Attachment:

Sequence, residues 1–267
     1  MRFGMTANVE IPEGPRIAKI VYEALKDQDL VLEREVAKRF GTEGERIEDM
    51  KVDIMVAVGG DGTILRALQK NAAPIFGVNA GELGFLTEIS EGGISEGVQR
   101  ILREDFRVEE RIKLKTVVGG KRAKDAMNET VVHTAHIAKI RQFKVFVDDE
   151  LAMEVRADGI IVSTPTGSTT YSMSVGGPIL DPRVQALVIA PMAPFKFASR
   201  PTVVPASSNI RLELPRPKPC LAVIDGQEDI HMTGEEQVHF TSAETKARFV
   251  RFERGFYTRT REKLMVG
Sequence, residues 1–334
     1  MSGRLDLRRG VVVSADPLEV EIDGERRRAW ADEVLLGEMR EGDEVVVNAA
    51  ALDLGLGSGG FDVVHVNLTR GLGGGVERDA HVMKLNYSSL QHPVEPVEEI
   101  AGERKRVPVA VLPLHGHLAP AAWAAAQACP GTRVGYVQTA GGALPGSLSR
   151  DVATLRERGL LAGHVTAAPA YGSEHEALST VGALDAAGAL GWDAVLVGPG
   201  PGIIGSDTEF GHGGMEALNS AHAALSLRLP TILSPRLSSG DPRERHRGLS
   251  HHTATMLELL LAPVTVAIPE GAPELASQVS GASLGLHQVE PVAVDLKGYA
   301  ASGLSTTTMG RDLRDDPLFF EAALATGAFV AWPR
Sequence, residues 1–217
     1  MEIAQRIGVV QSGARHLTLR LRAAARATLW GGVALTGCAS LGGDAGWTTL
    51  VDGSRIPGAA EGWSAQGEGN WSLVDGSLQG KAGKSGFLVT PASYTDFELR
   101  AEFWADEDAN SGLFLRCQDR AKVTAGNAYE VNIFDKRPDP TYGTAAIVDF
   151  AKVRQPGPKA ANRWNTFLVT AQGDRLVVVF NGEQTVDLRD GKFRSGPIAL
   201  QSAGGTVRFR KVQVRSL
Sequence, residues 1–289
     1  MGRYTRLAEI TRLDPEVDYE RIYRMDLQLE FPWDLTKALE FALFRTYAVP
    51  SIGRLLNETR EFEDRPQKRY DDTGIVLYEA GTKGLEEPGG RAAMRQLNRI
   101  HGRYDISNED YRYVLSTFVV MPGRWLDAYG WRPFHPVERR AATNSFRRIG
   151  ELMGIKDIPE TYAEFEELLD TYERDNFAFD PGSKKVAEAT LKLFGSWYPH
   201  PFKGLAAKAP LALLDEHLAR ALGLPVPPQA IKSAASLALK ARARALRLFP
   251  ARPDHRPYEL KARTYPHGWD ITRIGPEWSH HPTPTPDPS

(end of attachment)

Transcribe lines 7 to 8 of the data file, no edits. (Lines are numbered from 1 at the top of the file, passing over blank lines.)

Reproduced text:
   251  RFERGFYTRT REKLMVG
Sequence, residues 1–334